Eureka! Serbian maths prof creates his home solar power heating system  for just £50 made entirely from… BEER CANS
With winter temperatures plummeting across Europe a Serbian maths professor has come up with a novel, not to mention economical, way of heating his... Eureka! Serbian maths prof creates his home solar power heating system  for just £50 made entirely from… BEER CANS

With winter temperatures plummeting across Europe a Serbian maths professor has come up with a novel, not to mention economical, way of heating his house for free – by using empty beer cans to create a solar power heating system.

Darko Milicevic has turned the empties into solar panels which look set to save him as much as £500 a year on heating bills, which is almost twice the average salary in Serbia.

So far his invention for the beer can solar panels on the roof and radiators has cost the 39-year-old just £50.

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Somewhat unsurprisingly, Mr Milicevic, from Paracin, in central Serbia, came up with the idea after drinking a few of his favourite beers.

He told MailOnline: ‘I was thinking about how to make my own heating system free of charge, because everyone wants to make their lives easier during this [economic] crisis.

‘Then I realised I could use beer cans instead of buying copper tubes.

‘I drink beer anyway and it was fun inventing something alternative.’

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Using 44 cans, Mr Milicevic, who teaches maths at the local high school, constructed his experimental 3.5ft-long beer can panel as a prototype.

Boring 22 holes into two planks of wood, he them balanced the cans on top of each other before drilling little ventilation holes into them and painting them black.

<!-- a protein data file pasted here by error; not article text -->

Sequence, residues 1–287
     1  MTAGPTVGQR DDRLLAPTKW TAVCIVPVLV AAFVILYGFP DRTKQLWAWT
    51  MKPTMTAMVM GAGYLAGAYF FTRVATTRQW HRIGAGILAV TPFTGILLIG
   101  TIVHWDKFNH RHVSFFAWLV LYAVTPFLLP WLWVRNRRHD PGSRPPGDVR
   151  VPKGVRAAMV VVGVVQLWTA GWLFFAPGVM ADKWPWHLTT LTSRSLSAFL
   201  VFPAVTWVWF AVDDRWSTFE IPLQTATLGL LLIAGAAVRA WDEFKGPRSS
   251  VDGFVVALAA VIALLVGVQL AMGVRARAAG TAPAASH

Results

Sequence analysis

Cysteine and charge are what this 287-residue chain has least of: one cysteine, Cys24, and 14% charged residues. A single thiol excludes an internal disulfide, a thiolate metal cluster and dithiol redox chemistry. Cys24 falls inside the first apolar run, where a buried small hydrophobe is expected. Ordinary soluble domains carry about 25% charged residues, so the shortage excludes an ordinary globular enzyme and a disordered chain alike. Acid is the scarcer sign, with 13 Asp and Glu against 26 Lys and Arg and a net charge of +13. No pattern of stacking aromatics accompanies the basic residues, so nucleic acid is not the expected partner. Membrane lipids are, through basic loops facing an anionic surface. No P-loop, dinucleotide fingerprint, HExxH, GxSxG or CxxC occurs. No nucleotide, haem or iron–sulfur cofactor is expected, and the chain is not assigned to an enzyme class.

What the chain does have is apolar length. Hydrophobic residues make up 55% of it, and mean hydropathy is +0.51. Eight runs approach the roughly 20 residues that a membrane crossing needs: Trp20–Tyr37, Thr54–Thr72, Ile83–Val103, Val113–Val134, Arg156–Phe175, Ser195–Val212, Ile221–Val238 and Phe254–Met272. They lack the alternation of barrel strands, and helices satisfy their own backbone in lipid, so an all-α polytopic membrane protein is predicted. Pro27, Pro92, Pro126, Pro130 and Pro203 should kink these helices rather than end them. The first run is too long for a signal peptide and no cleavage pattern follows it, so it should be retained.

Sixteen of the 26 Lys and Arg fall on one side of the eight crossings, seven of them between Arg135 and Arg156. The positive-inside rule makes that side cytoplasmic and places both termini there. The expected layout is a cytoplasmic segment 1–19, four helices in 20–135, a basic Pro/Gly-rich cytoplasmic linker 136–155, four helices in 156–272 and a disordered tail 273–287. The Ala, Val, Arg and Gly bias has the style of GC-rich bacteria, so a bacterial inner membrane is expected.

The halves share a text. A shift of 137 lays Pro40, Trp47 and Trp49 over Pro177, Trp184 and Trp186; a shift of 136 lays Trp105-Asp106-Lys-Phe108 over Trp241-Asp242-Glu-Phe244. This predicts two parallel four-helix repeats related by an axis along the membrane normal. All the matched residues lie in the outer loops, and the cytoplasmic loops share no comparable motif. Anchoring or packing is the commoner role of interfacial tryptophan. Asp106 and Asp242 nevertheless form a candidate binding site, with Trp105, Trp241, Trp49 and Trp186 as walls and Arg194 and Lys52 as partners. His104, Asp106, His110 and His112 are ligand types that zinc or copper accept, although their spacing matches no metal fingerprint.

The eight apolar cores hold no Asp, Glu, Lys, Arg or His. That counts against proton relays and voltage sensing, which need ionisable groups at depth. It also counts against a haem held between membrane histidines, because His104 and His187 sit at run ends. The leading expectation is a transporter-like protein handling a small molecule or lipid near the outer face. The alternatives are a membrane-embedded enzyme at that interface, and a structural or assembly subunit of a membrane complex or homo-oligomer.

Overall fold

‘The system is similar as in all solar panels,’ he explained.

‘I placed it on the southern wall of my house. The sun rays heat the air in the cans and the hot air naturally goes up through the cans and into the house, heating the space there.’

Mr Milicevic added that he also painted the cans black to get more energy from the sun rays.

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‘The most expensive item was plexiglass to protect the panel. I also used styrofoam to isolate it, so not to lose any heat,’ he said.

Taking to Facebook to show off his invention, he explained that on New Year’s Eve, when the temperature outside dropped to a freezing minus five Celsius in Parcin, his beer can panel heated his water boiler to 51.8 degrees.

There is a catch, however.

‘If there is no sun at all, it does not work. But even if the outside temperatures are very low and there is sun, it works.’

Now with his water heating bills having been reduced to zero, he says he will create more panels from empty beer cans to heat the entire house.

He said: ‘One metre of this panel is not enough to heat the whole house. But if I put up 10 or 20 square-metre panels it would make it.

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‘The whole thing has cost around £50. I don’t count beers in that because I would drink them anyway.

‘But it could save me around £500 a year.’

He added: ‘It would of course function equally as well with copper tubes, but this way it is much cheaper.

Since beginning his experiment a few weeks ago, the mathematician has been flooded with calls from locals wanting to know how they too can make savings.

He said: ‘Many people have phoned me in recent days as during the financial crisis many are trying to find more economic solutions.

‘I give them some advice and I enjoy it because I am the kind of a person who adores technical inventions.’